Most of the class of 2020 left college with no official graduation, an uncertain job market, and, if they were lucky, tense family walks during the lockdown. Post-grad life proved slow and difficult for college grads just two years ago, with only half of them holding traditional full-time jobs six months after receiving their diplomas.
But the job market has since bounced back for those kicking off their careers. In a piece for CNN, LinkedIn chief economist Karin Kimbrough wrote that Gen Z graduates have entered a more positive workforce than their slightly older peers.
“Fast-forward two years, and the picture looks much brighter for Gen Z and younger millennials joining the workforce today,” says Kimbrough. “Despite recent headwinds like inflationary pressures and geopolitical tensions driving economic uncertainty, opportunities still abound for entry-level roles in the US.”
Pulling from a recent LinkedIn report, Kimbrough attributes the entry-level job upswing to four factors: a 25% increase in hiring rates from 2020 to 2021; more roles for young workers in the more affordable Sunbelt region; rebounding job growth in industries hit hard by the pandemic, like hospitality and health care; and the evolution of in-demand job skills.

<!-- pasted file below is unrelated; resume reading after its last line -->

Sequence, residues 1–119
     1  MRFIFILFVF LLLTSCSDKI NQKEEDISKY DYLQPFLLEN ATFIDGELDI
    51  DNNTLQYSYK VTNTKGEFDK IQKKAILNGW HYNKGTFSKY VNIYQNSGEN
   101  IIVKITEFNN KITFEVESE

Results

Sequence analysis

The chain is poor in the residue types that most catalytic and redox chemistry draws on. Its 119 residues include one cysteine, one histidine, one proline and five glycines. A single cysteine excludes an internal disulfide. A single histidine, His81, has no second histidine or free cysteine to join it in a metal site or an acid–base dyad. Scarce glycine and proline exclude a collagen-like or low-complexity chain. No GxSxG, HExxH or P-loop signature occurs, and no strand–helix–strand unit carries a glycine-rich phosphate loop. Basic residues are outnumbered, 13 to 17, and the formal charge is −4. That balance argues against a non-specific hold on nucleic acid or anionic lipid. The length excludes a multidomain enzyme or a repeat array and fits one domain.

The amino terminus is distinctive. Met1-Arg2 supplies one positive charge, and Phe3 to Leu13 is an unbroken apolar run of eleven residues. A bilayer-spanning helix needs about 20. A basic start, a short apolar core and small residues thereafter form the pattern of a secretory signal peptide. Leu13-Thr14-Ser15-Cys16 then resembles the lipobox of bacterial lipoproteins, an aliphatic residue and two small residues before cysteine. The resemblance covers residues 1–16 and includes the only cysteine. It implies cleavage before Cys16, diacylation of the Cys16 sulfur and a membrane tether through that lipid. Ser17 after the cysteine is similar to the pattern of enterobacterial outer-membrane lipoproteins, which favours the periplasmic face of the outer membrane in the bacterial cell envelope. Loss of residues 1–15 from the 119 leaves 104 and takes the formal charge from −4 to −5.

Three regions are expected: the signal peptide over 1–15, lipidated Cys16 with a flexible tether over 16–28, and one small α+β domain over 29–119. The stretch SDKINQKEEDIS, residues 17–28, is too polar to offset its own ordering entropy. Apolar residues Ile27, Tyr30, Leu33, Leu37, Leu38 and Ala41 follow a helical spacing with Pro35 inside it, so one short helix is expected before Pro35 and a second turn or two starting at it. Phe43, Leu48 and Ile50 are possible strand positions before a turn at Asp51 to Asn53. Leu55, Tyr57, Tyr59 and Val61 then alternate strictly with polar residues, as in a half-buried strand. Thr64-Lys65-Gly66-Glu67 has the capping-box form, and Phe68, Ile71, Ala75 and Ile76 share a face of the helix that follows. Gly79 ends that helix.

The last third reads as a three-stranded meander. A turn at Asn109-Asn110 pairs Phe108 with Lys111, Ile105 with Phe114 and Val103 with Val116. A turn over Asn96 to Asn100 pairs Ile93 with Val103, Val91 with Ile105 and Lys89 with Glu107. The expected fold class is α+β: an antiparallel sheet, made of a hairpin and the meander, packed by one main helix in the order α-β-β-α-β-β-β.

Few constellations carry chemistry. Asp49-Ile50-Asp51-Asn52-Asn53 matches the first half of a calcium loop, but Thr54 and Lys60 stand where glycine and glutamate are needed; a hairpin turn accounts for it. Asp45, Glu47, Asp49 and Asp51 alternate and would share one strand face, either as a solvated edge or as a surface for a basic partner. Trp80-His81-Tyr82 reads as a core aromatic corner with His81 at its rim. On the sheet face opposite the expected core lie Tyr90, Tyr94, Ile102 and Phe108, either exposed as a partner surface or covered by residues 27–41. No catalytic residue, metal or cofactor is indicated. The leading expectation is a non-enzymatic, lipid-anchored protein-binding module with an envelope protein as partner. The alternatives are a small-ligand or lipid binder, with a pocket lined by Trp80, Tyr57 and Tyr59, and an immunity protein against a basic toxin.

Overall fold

At the risk of jinxing the class of 2022, it’s a rosy picture for those looking to land an entry-level position. They’re faring much better than older millennials who graduated during the Great Recession and entered a bleak job market that delayed their career trajectories, life milestones, and ability to accumulate wealth. When Gen Z workers enter the workforce, they’re doing so on their own terms.
A robust labor market has Gen Z job-hopping
LinkedIn’s optimistic outlook explains why Gen Zers are helping to lead the Great Resignation. About 65% of Gen Z workers plan on leaving their jobs in less than a year, compared to 40% of all employees, per a recent report from talent acquisition platform Lever. Many young employees have found that job-hopping leads to pay bumps, making it easier for them to pay student loans and afford today’s inflated cost of living.
Aware of the newfound demand for talent during the Great Resignation, they can sometimes afford to be more selective and demanding. This has earned the generation a reputation for directly asking for work-life flexibility, better benefits, and a more fitting work culture.
While some prospective Gen Z employees might be nervous about the market, having heard horror stories from older classes that dealt with a different beast, the class of 2022 speaks with a sense of empowerment when it comes to selecting new jobs.
“We’ve gone through so much as students, and we’re not going to settle now, as employees,” Dakotah Jennifer, 21, told Fortune in May.
Despite warnings of a recession, the job market has yet to hit the class of 2022 (knock on wood). And if you look at Kimbrough’s advice, it might be time to strike while the iron is hot for entry-level workers.
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